The preceding two blogs looked at the professional practices involving management. The remaining blogs in this series will explore the technical professional practices within the business continuity management (BCM) life cycle.Formally, these technical practices are Analysis, Design, Implementation and Validation. At a high level, they can best be understood through two lenses.
The first of these is to build from the identification of the most important parts of the business. Just as this identification must be done by the most senior members of the executive team and board, so they too must identify the tolerances for each. How long can each element be down before it must be restored? To arrive at these determinations is a complex equation that balances the required speed and the associated cost. Obviously, the more quickly a particular part of the value chain is restored to working order, the more expensive the supporting provisions for business continuity are.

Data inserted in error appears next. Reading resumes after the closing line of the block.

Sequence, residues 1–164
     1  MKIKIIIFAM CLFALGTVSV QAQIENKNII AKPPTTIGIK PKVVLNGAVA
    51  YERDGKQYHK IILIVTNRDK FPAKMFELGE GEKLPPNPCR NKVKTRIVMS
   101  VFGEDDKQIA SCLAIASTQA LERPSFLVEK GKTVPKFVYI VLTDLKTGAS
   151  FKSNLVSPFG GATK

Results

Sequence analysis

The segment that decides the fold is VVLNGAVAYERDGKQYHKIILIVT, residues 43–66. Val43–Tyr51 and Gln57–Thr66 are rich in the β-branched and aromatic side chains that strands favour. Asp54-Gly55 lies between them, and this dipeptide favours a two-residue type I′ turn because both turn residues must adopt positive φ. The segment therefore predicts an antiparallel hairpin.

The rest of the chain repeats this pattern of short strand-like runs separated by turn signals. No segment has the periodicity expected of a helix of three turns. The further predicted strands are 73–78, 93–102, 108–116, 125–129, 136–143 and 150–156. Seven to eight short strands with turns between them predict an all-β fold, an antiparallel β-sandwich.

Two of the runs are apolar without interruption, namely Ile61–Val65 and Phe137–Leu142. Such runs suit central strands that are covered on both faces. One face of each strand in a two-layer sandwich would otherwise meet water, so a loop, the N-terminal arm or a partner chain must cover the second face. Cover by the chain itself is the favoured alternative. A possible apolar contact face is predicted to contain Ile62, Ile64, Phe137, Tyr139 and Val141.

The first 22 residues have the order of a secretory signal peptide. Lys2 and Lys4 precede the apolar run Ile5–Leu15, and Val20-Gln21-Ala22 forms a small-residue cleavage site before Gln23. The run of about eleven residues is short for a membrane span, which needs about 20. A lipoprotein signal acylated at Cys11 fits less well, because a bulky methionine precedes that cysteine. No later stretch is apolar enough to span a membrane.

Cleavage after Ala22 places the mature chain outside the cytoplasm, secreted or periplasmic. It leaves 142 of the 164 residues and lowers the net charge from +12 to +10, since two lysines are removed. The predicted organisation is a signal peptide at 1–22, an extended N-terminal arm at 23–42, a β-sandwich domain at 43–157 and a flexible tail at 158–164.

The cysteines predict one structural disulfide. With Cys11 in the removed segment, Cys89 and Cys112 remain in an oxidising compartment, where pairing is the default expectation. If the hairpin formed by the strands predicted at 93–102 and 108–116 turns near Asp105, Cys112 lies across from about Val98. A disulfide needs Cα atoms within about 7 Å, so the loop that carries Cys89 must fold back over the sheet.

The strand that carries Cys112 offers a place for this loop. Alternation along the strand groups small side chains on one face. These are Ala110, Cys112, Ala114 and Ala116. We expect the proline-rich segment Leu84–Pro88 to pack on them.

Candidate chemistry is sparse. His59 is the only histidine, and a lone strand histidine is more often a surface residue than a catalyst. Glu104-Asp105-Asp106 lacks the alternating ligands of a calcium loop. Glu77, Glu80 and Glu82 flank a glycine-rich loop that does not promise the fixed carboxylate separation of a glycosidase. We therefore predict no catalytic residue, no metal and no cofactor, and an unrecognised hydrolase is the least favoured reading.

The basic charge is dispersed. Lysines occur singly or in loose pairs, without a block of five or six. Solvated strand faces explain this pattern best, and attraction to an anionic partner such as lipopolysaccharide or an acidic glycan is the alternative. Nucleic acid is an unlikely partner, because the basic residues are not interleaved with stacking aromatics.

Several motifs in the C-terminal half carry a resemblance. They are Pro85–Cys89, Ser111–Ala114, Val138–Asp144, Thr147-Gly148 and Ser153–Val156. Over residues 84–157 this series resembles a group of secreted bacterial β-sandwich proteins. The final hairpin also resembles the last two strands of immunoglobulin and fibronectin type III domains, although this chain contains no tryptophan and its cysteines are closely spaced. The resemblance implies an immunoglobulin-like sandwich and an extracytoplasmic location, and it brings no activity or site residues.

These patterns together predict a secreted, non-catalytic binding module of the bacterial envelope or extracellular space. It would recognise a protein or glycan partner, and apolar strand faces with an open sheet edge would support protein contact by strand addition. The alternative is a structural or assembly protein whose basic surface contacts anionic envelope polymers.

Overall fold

Having now identified what parts of the business are important and what the company’s tolerances for their downtime are, it is important that the gaps that currently exist between restoration capabilities and what is desired are analysed. As part of this process, the business continuity team will establish which departments, employees, premises and equipment are involved in each of the critical areas. All of this information contributes to building the granular understanding required to estimate what is involved in restoring them.
Analysis, Design, Implementation and Validation are covered on pages 47-105 of the Good Practice Guidelines. For more information, visit the BCI website to download the Good Practice Guidelines or contact us for BCM advisory.